The eagle has landed

Volunteers band together to nurse nation’s symbol back to health

Dawn Alves (left) and Laura Powell of All About Pets Veterinary Hospital display a local bald eagle that was recently nursed back to health after being found critically injured.

Dawn Alves (left) and Laura Powell of All About Pets Veterinary Hospital display a local bald eagle that was recently nursed back to health after being found critically injured.

PHOTO courtesy of Dawn alves

The bald eagle—our national symbol—is usually equated to a sense of regal majesty. But the mighty bird needed a little human care on Christmas Day, when a young male eagle was found critically injured in the fields around Lundberg Family Farms in Richvale, just outside Chico. And so began the chain of volunteer rehabilitators who, ahem, flocked to help nurse the bird, a protected species, back to health.

“It took an effort from everyone,” Roberta Kirshner, founder of the Barry R. Kirshner Wildlife Foundation, said in a recent phone interview. Kirshner was the first to receive the bird from Animal Control, before calling on other friends for support.

“Roberta called me on Christmas, and asked, ‘What should we do with this?’” said Marilyn Gamette, a longtime local wildlife rescuer and founder of the nonprofit group Bidwell Wildlife Rehabilitation. Gamette, who’s rehabilitated a slew of animals—from mountain lions to hawks—in her program’s 40 years, says she’s helped roughly six bald eagles over the course of her work.

Gamette immediately hopped on board to aid the wounded raptor, but finding a physical facility to host him wasn’t so easy during the holidays. “We weren’t completely set up for him, but we took him in,” said veterinarian Dawn Alves, owner of Chico’s All About Pets Veterinary Hospital. A certified mixed practitioner for large and small animals who’s “dabbled in birds,” Alves said this was her first encounter with a bald eagle.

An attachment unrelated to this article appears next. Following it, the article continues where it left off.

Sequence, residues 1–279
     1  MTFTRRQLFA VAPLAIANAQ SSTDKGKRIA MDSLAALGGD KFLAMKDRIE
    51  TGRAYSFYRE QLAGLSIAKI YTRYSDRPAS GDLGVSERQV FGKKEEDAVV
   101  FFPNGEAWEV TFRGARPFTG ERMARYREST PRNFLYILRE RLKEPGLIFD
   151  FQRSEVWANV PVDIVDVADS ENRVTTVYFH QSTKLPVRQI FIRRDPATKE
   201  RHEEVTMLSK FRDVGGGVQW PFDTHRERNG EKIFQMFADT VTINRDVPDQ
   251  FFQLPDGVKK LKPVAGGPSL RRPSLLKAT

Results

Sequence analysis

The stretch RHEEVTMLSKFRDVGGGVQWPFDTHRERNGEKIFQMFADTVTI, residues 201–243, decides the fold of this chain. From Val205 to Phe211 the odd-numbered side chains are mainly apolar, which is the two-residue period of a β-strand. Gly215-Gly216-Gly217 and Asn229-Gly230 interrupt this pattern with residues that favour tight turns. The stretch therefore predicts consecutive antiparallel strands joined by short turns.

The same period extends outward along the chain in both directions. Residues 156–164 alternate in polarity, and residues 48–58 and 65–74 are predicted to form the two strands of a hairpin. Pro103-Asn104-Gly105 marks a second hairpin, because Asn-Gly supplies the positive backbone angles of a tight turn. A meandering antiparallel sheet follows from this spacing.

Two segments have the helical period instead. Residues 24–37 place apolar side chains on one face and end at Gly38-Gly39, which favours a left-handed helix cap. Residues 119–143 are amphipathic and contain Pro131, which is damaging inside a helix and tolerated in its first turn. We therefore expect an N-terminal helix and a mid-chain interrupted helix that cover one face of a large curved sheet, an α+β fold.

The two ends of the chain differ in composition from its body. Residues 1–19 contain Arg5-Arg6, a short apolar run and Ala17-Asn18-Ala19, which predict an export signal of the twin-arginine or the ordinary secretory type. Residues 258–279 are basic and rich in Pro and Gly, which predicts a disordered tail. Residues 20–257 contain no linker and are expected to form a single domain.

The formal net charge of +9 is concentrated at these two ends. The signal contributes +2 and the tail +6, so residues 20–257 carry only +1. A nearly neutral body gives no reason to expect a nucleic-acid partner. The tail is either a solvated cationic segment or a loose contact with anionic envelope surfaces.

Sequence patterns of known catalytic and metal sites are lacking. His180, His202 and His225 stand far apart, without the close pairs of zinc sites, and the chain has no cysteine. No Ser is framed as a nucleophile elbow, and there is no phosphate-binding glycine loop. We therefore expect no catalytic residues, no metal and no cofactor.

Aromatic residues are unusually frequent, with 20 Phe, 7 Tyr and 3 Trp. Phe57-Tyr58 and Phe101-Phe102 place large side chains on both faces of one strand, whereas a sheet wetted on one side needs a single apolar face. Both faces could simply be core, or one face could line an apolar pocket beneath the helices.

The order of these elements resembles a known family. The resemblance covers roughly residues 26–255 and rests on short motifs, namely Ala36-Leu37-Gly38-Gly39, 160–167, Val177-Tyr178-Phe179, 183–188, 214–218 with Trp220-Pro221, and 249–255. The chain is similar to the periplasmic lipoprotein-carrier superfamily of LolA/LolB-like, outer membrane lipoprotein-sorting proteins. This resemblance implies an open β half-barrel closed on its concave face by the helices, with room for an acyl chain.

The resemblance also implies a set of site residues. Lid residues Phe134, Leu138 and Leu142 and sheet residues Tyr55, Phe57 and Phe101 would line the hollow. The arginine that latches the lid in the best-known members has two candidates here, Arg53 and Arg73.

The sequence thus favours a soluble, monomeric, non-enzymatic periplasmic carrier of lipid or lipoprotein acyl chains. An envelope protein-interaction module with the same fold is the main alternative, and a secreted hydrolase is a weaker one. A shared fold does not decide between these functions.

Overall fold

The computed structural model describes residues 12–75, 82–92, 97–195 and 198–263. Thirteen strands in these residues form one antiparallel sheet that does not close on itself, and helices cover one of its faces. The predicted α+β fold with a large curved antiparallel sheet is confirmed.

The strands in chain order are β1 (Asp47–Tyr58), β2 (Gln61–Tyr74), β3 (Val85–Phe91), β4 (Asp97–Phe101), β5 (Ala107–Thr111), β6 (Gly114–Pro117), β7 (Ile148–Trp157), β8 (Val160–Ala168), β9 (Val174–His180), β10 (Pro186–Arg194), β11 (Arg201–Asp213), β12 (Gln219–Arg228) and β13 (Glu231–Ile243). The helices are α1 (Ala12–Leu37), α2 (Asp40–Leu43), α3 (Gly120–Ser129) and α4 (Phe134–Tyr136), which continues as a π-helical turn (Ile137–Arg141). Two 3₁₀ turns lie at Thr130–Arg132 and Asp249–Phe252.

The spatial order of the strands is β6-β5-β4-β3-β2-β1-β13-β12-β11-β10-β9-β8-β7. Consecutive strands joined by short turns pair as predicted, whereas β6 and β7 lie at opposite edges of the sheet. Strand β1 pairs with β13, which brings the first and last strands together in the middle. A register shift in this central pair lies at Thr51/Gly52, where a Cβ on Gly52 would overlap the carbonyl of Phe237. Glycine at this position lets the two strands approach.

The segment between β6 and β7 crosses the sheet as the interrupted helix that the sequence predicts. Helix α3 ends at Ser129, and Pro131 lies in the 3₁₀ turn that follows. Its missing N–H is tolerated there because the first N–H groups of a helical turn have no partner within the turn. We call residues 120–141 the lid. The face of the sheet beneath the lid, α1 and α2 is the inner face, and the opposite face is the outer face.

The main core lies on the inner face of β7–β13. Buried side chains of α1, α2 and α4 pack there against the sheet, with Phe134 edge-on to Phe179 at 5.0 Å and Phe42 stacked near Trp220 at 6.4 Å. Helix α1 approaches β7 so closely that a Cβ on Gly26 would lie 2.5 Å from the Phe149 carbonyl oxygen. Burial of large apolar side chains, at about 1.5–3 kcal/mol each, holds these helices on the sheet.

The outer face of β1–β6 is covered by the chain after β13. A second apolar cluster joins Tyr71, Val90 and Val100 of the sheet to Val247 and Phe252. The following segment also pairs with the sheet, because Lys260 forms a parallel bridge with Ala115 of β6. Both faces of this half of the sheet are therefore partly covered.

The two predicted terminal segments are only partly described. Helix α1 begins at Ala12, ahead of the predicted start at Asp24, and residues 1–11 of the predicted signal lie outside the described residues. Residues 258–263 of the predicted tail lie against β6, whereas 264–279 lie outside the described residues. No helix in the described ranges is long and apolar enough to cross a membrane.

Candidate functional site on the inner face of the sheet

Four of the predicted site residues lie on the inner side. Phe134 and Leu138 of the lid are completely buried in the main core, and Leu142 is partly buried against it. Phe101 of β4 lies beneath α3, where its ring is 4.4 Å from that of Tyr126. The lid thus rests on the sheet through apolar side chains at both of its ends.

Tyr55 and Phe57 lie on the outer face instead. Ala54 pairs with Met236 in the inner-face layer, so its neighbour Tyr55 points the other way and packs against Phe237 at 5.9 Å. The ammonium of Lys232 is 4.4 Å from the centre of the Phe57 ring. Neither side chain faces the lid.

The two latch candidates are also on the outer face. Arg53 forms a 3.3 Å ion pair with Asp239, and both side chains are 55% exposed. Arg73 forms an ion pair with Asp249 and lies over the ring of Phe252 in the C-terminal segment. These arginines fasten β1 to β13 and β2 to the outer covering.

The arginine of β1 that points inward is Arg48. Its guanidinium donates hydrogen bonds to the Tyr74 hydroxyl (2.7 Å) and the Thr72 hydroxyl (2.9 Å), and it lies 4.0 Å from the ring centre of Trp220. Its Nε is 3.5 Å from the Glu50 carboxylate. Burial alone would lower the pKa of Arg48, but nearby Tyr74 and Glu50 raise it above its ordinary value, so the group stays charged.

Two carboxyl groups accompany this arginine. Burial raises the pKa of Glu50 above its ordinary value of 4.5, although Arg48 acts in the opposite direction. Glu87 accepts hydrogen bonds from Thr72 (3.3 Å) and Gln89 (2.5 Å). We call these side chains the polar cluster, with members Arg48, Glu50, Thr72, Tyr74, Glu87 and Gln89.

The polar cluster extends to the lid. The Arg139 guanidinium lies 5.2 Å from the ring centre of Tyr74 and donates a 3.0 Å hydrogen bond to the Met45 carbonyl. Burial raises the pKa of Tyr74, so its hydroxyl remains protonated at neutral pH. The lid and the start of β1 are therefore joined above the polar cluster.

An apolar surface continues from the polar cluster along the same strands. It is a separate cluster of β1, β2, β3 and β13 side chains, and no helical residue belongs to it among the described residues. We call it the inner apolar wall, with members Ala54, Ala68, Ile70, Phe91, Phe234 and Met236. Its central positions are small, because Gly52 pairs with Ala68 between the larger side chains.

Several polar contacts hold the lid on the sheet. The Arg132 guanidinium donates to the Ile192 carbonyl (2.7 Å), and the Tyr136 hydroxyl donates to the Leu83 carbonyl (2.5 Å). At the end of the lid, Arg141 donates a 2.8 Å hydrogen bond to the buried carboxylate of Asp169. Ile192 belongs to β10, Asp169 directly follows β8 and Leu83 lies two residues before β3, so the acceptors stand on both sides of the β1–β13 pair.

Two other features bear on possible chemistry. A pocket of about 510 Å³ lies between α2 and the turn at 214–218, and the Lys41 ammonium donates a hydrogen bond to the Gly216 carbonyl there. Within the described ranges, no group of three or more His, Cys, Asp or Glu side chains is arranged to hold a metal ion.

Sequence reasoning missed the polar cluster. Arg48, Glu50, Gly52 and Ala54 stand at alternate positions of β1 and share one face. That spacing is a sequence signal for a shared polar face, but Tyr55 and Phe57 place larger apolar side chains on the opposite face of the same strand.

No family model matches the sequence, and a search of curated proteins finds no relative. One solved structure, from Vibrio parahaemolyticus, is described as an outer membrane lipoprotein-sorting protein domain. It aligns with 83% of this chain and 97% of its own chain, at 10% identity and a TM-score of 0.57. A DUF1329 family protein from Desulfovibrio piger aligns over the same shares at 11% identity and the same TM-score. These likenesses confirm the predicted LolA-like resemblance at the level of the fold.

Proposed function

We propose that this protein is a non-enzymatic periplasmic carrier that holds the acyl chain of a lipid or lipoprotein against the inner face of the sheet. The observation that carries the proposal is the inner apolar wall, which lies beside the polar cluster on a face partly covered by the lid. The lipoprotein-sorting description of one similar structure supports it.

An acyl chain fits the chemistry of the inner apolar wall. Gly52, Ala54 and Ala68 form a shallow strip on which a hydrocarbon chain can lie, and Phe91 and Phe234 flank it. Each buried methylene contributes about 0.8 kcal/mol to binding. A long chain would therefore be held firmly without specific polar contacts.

“The biggest problem, besides dehydration, was the bony vertebrae caught in his esophagus, probably from something he had eaten,” Alves explained. “Because of that, he couldn’t keep any food down.”

For the next week, the young raptor received quite an impressive series of treatments, beginning with an initial round of antibiotics, and including a procedure to remove the bony material stuck in his throat. Between the next round of medication, use of an IV and the constant care offered by Alves, Kirshner and Gamette, the eagle was in significantly better shape by New Year’s Eve.

“Dawn did an excellent job of further stabilizing the bird,” Gamette said.

It’s primarily this intense volunteer support that gets protected and endangered bird species back on their feet, Gamette and Alves explained. Gamette, who used her own funds to pay for the initial rounds of medication for this particular bird, said she can be reimbursed by the Butte County Fish and Game Commission—if she chooses to apply for a grant.

“There is not enough funding to pay for the care of these birds,” Alves agreed.

Once an endangered species, the bald eagle was taken off the Federal Endangered and Threatened Species list in 2007, but remains protected under federal laws, and the killing, selling or harming of the birds and their nests is illegal. “Not as much as a fingernail can be tampered with,” said Gamette. (That goes for talons, too.)

With federal initiatives such as the Bald and Golden Eagle Protection Act and the Migratory Bird Treaty Act protecting its livelihood, the eagle is “making a comeback,” said Lora Haller, park ranger and visitor services manager of the Sacramento National Wildlife Refuge. She claims dozens can be seen every winter at the facility south of Willows.

“They follow the water fowl and come from Oregon and Washington, and in some cases as far north as Alaska,” she said.

This certainly is a big improvement from their endangered status, which can be traced back to mid-20th century practices including primarily the use of the agricultural insecticide DDT, Haller said. Although not fatal to adult eagles, the pesticide caused the thinning of egg shells, endangering their births. DDT has since been banned from usage in the United States and Canada, another factor contributing to the species’ recovery.

With the ongoing support from the wildlife-loving community, scientists are optimistic that the country’s bird will continue its impressive comeback. And for the local eagle that got its Christmas miracle, things are still looking up; it was transferred to the care of Roseville veterinarian Vicky Joseph, where it will soon have access to flight cages to further its rehabilitation. Gamette, who stays up-to-date on the bird’s recovery via Joseph, happily reports, “He’s in good care and eating on his own.”